Angela Vincent

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Angela Vincent, MBBS (Hon PhD Bergen) FRCPath FMedSci FRS, is an Emeritus Professor of Neuroimmunology, Nuffield Department of Clinical Neurosciences, Medical Sciences Division, University of Oxford, Oxford, UK.[1] She serves on the Scientific Advisory Board of the independent UK charity, Invest in ME Research.[2] Her major research interest is in the role of autoimmunity in neurological diseases.[3]

Notable studies[edit | edit source]

  • 2019, Searching for Serum Antibodies to Neuronal Proteins in Patients With Myalgic Encephalopathy/Chronic Fatigue Syndrome[4] - (Full text)

Talks and interviews[edit | edit source]

  • 2014, 9th Invest in ME International ME Conference, Speech title unknown

Online presence[edit | edit source]

  • PubMed
  • Twitter
  • Facebook
  • Website
  • YouTube

See also[edit | edit source]

Learn more[edit | edit source]

References[edit | edit source]

  1. "Angela Vincent — Nuffield Department of Clinical Neurosciences". www.ndcn.ox.ac.uk. Retrieved Jul 15, 2019. 
  2. "Invest in ME Research - UK Charity for Myalgic Encephalomyelitis Centre of Excellence for ME". future.cofeforme.eu. Retrieved Jul 15, 2019. 
  3. "Invest in ME - February 2014 Newsletter". www.investinme.org. Retrieved Jul 15, 2019. 
  4. Giannoccaro, Maria Pia; Cossins, Judith; Sørland, Kari; Fluge, Øystein; Vincent, Angela (May 2019). "Searching for Serum Antibodies to Neuronal Proteins in Patients With Myalgic Encephalopathy/Chronic Fatigue Syndrome". Clinical Therapeutics. 41 (5): 836–847. doi:10.1016/j.clinthera.2019.04.001.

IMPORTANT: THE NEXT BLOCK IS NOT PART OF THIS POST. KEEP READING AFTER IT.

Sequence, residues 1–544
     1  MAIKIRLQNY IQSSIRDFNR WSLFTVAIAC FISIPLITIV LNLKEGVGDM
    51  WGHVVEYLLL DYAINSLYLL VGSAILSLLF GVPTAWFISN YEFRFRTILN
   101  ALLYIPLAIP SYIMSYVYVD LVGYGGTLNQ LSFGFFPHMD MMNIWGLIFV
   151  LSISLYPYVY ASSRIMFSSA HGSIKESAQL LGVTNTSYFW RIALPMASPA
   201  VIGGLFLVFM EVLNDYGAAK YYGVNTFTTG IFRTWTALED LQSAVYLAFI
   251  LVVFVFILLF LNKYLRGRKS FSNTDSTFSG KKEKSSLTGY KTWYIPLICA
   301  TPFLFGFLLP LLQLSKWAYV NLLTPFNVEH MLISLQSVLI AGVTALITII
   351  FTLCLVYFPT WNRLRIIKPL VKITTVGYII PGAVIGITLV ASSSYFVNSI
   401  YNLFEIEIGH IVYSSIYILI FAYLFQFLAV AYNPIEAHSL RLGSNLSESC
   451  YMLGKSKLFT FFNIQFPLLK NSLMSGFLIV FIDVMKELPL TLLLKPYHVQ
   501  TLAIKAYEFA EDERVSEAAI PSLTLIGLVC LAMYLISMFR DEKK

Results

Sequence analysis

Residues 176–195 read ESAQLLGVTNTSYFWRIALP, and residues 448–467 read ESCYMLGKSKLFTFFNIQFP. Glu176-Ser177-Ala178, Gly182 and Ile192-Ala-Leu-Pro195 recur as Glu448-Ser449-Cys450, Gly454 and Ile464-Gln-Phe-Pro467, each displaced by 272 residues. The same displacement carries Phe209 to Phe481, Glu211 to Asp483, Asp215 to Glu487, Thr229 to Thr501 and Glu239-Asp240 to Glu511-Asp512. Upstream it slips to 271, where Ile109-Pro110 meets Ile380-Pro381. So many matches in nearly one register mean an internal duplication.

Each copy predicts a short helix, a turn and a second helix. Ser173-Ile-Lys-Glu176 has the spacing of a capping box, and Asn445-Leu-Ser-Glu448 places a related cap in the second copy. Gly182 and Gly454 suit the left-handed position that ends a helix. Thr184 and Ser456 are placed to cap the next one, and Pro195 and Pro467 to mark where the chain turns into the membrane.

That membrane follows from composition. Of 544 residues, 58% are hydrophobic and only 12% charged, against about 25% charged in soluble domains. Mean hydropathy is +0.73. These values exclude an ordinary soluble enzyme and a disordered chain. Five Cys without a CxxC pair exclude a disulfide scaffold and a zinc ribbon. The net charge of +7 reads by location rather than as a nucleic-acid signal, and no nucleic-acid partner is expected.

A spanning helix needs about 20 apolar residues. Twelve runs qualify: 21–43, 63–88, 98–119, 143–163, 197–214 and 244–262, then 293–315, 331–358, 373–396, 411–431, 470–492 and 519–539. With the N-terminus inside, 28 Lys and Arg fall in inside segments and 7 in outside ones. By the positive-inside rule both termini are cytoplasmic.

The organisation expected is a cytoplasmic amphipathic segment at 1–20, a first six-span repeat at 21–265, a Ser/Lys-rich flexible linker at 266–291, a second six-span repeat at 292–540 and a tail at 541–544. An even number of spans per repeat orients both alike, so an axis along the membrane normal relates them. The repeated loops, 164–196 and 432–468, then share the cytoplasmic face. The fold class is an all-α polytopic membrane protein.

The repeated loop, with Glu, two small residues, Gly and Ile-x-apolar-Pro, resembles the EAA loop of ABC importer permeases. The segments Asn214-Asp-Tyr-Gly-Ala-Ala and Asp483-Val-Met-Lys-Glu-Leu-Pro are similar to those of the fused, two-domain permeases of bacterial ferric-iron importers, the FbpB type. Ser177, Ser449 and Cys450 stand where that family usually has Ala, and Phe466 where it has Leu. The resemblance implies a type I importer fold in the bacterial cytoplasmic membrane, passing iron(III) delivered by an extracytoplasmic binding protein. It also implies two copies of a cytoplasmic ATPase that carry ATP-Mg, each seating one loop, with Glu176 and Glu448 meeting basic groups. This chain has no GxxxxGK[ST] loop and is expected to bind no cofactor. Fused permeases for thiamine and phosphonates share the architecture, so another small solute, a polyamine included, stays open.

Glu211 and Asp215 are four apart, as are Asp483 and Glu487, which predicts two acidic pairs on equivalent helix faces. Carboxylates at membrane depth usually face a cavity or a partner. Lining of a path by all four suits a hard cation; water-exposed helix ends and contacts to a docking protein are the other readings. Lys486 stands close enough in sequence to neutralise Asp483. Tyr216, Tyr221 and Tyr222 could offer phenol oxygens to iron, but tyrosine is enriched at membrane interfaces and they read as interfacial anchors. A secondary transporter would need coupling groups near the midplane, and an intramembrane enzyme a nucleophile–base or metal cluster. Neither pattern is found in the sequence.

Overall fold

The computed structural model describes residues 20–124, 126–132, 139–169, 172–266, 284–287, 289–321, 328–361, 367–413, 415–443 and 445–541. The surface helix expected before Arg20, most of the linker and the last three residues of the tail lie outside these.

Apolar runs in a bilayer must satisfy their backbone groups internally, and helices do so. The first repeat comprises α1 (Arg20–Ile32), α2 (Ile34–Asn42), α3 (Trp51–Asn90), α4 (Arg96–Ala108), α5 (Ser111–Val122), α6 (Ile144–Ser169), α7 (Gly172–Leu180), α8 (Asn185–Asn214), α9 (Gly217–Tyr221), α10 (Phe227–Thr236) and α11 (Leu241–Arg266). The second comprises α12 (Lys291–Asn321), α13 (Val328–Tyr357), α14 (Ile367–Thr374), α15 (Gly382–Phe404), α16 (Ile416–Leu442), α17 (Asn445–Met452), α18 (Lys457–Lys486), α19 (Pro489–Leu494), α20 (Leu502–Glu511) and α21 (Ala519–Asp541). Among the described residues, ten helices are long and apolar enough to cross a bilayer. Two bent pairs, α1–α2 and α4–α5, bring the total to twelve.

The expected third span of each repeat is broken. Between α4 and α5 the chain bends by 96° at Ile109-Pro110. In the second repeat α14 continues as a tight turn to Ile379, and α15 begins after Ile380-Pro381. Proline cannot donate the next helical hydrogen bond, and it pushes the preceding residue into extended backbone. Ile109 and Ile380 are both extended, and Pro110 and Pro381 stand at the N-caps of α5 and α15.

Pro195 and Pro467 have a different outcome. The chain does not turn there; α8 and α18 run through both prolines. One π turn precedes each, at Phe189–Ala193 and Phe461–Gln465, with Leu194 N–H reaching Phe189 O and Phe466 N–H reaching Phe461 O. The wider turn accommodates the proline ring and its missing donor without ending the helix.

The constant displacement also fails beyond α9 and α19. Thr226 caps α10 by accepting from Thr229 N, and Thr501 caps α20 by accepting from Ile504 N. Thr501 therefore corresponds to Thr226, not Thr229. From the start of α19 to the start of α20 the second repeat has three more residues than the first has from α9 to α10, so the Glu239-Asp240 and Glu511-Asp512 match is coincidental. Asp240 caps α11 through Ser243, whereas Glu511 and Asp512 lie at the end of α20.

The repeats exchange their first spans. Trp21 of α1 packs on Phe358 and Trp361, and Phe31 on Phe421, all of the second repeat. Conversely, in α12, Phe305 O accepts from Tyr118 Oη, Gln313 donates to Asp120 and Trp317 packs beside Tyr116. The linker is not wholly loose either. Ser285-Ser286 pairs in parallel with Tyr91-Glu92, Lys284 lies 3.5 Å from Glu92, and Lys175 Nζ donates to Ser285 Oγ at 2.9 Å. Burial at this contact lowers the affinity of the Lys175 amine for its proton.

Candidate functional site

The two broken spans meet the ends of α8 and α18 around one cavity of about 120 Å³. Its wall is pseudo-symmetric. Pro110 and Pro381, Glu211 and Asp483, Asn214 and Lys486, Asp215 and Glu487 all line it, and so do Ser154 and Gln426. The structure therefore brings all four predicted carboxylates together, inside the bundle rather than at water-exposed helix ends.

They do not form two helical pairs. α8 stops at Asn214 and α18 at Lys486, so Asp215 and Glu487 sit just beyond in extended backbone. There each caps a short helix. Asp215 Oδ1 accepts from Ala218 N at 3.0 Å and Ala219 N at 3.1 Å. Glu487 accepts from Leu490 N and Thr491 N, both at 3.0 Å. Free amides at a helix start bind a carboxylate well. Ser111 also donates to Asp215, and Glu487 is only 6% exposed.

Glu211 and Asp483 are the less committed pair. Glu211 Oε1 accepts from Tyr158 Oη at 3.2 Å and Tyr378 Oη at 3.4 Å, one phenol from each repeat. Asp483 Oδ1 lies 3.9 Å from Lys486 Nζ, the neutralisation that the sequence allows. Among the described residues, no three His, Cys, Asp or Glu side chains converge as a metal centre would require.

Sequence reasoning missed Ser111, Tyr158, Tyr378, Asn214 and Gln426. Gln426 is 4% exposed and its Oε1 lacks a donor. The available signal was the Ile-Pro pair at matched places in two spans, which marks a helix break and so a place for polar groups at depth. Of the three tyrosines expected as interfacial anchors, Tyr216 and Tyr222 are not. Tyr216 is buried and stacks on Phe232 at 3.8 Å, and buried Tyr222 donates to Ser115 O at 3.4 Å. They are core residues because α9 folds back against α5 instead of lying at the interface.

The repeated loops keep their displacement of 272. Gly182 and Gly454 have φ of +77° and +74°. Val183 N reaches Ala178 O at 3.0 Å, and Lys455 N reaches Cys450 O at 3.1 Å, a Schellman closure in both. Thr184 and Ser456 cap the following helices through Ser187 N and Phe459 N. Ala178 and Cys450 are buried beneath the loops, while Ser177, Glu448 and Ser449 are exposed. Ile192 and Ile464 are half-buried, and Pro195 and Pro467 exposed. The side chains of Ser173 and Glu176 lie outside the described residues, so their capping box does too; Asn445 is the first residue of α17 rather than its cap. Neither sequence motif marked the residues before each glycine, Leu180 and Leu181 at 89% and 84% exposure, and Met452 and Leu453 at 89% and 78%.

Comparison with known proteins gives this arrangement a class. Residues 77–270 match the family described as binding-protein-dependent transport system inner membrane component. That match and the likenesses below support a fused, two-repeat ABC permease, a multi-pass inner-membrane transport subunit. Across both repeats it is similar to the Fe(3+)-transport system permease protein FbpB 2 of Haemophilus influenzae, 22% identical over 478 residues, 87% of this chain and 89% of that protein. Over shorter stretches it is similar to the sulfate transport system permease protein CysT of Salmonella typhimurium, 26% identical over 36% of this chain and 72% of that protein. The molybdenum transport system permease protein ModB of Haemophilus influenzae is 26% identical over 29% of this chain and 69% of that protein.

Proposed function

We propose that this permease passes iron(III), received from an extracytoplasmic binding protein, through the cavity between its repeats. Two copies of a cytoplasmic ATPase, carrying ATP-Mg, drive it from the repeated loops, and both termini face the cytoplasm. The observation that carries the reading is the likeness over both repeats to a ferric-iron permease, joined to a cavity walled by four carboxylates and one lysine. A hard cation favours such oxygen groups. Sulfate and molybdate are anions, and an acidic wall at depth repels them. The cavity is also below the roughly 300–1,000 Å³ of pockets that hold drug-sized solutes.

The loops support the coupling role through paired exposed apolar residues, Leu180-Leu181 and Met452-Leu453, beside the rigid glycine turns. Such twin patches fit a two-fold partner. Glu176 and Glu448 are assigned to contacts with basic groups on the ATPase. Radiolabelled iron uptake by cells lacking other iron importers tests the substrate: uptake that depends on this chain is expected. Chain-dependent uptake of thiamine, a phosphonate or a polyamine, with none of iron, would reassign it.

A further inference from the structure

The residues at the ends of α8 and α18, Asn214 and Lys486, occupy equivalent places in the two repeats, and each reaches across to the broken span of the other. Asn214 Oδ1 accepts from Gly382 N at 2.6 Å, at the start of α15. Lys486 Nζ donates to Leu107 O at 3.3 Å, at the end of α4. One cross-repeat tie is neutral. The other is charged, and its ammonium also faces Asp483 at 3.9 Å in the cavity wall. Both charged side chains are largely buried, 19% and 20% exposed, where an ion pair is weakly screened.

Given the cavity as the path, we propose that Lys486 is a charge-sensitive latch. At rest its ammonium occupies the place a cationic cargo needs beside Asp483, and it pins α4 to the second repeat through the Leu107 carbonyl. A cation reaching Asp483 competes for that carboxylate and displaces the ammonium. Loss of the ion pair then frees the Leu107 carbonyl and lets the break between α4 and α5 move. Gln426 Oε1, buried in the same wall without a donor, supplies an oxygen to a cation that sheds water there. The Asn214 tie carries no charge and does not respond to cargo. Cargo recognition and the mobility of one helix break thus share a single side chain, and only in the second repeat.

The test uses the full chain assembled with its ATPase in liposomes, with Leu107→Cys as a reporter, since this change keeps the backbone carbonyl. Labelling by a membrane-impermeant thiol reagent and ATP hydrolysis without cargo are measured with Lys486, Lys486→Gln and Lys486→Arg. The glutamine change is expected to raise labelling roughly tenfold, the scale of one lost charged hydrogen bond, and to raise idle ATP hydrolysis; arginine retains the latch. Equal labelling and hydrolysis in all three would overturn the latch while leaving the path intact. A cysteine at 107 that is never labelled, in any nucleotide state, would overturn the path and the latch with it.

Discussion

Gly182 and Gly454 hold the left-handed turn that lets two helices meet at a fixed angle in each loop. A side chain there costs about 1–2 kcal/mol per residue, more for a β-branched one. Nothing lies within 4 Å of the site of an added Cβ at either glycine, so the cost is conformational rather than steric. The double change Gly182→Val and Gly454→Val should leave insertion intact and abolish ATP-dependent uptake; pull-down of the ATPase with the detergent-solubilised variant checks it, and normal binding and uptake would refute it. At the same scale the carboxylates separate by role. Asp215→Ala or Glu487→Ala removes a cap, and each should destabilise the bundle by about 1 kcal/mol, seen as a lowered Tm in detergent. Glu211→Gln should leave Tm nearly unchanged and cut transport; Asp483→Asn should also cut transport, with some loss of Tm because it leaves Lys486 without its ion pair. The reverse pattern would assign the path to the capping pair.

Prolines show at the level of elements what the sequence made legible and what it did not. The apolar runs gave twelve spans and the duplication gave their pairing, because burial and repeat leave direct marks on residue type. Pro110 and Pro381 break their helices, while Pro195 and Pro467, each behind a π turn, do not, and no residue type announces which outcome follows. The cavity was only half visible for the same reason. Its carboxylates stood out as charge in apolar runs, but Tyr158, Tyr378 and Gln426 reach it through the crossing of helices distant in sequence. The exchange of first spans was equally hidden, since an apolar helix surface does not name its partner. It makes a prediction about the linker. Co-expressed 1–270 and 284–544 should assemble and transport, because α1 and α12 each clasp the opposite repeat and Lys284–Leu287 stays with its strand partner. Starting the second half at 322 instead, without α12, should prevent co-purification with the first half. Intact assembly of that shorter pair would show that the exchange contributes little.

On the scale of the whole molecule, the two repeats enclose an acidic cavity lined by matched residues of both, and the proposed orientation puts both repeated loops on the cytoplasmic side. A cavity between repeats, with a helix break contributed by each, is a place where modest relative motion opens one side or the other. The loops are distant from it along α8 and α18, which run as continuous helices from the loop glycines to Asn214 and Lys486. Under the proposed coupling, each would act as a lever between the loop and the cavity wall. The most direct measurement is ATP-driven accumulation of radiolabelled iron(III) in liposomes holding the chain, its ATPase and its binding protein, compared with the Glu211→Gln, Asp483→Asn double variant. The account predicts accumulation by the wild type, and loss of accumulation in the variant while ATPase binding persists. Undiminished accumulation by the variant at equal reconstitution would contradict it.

Oxford University - a prestigious university located in Oxford, England renowned for its teaching and research in health and medicine

serum - the clear yellowish fluid that remains from blood plasma after clotting factors have been removed by clot formation

antibody - Antibodies or immunoglobulin refers to any of a large number of specific proteins produced by B cells that act against an antigen in an immune response.

myalgic encephalopathy - An alternate term that is sometimes used for myalgic encephalomyelitis, by people who believe the evidence for inflammation in ME is insufficient. This terminology reflects the belief that the "-itis" suffix implies inflammation.

myalgic encephalomyelitis (ME) - A disease often marked by neurological symptoms, but fatigue is sometimes a symptom as well. Some diagnostic criteria distinguish it from chronic fatigue syndrome, while other diagnostic criteria consider it to be a synonym for chronic fatigue syndrome. A defining characteristic of ME is post-exertional malaise (PEM), or post-exertional neuroimmune exhaustion (PENE), which is a notable exacerbation of symptoms brought on by small exertions. PEM can last for days or weeks. Symptoms can include cognitive impairments, muscle pain (myalgia), trouble remaining upright (orthostatic intolerance), sleep abnormalities, and gastro-intestinal impairments, among others. An estimated 25% of those suffering from ME are housebound or bedbound. The World Health Organization (WHO) classifies ME as a neurological disease.

chronic fatigue syndrome (CFS) - A controversial term, invented by the U.S. Centers for Disease Control, that generally refers to a collection of symptoms as “fatigue”. There have been multiple attempts to come up with a set of diagnostic criteria to define this term, but few of those diagnostic criteria are currently in use. Previous attempts to define this term include the Fukuda criteria and the Oxford criteria. Some view the term as a useful diagnostic category for people with long-term fatigue of unexplained origin. Others view the term as a derogatory term borne out of animus towards patients. Some view the term as a synonym of myalgic encephalomyelitis, while others view myalgic encephalomyelitis as a distinct disease.

The information provided at this site is not intended to diagnose or treat any illness.
From MEpedia, a crowd-sourced encyclopedia of ME and CFS science and history.